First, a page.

Sunday, 18 September 2011

I am Post-Modern, Not Rubbish

As someone who has a show called The Radio Hour that last for two – at one time for five, but that was in another city and besides, the Fringe is dead – I hope that I have some sense of playful irony. My Producer Harry sometimes looks at me as if to say “Do you have any idea what is going to happen next?” and the answer is often “no.” Yet after yesterday’s VileArts Radio Hour, I realised that perhaps I’d make a properly post-modern broadcast.

Ever since The Ramones blasted out of NYC, the idea that dumb can be clever has had a hold in popular culture. Whether it is the innocent deconstruction of political dogma by Sacha Cohen when he used to be good – he undermined a fox hunter’s certainty through Ali G’s blunted questions, and Borat was a trip through cultural assumptions made alien – or the underground slang of UK hip-hop, the ancient belief that education needed to be on display in form and function has been dented. Beneath my atrocious research and random connections between guests – serious performance artist and feminist Nic Green to Sean Fae Solar playing sexist raps, anyone? – I’ve been curating a chaotic bricolage broadcast from Glasgow’s arts scene.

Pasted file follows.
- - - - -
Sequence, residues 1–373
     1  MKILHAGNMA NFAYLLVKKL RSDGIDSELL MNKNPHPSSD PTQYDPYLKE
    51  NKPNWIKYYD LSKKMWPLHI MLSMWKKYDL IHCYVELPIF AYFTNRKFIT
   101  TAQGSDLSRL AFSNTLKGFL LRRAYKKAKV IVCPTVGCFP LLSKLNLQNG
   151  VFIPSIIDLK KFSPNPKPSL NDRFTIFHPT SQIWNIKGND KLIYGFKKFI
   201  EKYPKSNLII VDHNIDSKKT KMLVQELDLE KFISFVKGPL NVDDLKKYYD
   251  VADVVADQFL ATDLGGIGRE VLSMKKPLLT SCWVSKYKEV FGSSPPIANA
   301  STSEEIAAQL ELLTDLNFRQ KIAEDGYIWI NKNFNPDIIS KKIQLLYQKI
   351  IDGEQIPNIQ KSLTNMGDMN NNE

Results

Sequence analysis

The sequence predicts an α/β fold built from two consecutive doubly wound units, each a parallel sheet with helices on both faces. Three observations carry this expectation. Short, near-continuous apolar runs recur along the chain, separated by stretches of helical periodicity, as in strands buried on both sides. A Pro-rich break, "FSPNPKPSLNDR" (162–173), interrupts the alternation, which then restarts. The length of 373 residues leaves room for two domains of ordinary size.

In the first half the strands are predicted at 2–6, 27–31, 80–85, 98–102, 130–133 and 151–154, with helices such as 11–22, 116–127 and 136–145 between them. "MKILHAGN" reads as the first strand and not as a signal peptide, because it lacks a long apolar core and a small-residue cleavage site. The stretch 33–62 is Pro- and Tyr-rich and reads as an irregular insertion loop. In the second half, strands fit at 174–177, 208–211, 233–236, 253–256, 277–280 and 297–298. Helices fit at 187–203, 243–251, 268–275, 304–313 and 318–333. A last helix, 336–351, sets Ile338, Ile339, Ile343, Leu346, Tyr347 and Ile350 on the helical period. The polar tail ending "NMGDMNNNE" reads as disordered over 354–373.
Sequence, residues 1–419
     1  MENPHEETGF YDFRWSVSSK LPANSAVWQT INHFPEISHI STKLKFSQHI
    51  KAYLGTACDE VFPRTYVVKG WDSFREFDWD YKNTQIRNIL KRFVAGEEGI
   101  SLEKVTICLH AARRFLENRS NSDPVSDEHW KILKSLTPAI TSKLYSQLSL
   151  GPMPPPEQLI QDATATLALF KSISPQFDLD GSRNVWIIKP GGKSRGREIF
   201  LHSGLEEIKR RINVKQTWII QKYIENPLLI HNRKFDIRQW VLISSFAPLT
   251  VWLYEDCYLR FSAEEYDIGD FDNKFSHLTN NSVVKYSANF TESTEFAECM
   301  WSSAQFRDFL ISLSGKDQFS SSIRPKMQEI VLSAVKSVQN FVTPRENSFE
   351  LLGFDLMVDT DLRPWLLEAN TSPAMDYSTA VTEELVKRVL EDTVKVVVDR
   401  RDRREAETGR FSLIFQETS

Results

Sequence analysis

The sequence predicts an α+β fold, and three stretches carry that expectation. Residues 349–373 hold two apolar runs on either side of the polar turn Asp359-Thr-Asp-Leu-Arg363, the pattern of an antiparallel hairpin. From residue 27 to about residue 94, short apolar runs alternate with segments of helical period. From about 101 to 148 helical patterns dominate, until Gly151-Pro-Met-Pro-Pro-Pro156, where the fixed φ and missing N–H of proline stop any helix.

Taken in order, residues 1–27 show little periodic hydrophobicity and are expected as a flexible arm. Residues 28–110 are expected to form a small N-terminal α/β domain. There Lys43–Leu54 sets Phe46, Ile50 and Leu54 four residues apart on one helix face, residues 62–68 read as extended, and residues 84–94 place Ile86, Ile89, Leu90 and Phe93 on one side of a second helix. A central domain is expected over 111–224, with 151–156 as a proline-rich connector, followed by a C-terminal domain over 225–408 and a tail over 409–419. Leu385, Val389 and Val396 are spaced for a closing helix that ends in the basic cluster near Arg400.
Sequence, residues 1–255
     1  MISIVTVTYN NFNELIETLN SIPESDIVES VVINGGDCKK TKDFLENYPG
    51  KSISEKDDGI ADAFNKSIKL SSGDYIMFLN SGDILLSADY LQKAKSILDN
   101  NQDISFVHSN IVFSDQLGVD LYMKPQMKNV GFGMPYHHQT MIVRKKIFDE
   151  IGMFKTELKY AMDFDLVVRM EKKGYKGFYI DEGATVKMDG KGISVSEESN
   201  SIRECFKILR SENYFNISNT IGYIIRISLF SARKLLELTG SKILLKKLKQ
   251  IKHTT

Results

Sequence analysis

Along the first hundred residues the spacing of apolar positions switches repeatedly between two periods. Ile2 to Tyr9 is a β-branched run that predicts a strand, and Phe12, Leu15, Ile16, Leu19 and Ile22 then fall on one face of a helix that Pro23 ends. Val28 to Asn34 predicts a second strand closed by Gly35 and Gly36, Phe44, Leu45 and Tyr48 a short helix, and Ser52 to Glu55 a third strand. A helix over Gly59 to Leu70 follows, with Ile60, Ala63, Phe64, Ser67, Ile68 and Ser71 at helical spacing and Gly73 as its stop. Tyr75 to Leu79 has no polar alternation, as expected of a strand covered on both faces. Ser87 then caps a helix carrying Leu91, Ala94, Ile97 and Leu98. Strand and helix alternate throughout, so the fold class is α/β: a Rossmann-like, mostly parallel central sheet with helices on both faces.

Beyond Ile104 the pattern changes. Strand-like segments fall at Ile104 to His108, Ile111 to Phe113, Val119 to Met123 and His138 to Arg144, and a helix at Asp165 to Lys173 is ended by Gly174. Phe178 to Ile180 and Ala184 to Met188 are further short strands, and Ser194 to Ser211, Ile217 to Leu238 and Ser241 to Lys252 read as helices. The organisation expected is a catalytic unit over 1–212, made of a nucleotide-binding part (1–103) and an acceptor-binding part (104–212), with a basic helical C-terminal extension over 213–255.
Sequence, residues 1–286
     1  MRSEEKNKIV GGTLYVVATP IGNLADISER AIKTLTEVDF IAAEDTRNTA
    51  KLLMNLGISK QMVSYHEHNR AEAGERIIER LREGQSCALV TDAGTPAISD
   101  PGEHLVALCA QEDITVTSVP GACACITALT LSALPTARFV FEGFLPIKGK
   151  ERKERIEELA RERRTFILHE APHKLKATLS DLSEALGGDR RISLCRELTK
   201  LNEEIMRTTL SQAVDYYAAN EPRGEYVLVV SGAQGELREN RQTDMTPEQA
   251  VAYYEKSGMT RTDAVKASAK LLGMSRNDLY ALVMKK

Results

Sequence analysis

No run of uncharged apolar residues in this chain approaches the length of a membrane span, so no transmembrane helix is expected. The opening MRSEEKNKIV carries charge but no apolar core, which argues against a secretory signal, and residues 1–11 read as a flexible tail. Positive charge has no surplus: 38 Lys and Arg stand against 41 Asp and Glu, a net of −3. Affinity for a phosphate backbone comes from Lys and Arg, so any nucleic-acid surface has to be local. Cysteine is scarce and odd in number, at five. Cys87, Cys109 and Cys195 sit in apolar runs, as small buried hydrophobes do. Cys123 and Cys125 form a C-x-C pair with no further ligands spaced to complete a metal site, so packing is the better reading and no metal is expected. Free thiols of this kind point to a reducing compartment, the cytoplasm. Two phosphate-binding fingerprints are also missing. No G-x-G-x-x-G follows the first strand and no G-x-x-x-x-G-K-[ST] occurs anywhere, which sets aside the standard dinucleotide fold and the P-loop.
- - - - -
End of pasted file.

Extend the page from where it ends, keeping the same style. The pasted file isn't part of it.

There have been plenty of dead-ends. Most of them come from my flirtations with Edinburgh, probably because I don’t really know what is happening there. I try to be too inclusive: yesterday, I tore out the teeth of James MacMillan’s Christus Vinctus by juxtaposing it with Peaches – and this is a piece of music that I adore because it is an unabashed celebration of religious faith.  And I have fallen far from my dream of recreating the feel of late night Radio 3, every time I fade in a blast from Ultimate Thrush, Holy Mountain or Take A Worm for a Walk Week. But I feel justified when I realise that I have just introduced Debussy into a conversation about electronic music. It is a reflection of how I experience the arts: a continuity that constantly asks questions about legacy, influence, tradition and resonance.

Psignal, a man that I am proud to call both friend and collaborator, recently characterised post-modernism as a strategy to break down the established notion of progress. The constant flittering between genre and style needn’t be a facsimile of the great contemporary lie, that gives everything equal worth and refuses to discern quality. By fracturing assumptions about what belongs together, and reviving apparently irrelevant arts, post-modernism is a comprehensive acceptance of the opportunities of global interconnectivity. Sean Fae Solar described his mixing as being like his web-surfing: distracted, intense, dispersed. Yet from this diversity comes something focussed and intense. The Radio Show is an attempt to do something similar.

There are times when I am hugely uncomfortable on air – usually when I am playing something that has explicit lyrics, or when the dynamics of a classical piece seem to have disappeared from the audible threshold. It’s only cognitive dissonance, the most creative state of the mind. When the information becomes contradictory or incomprehensible, the mind is forced to work harder. The Radio Hour tried to do that to listeners. It’s only fair I feel it myself.

And so comes to an end this week’s excuses for being shambolic.

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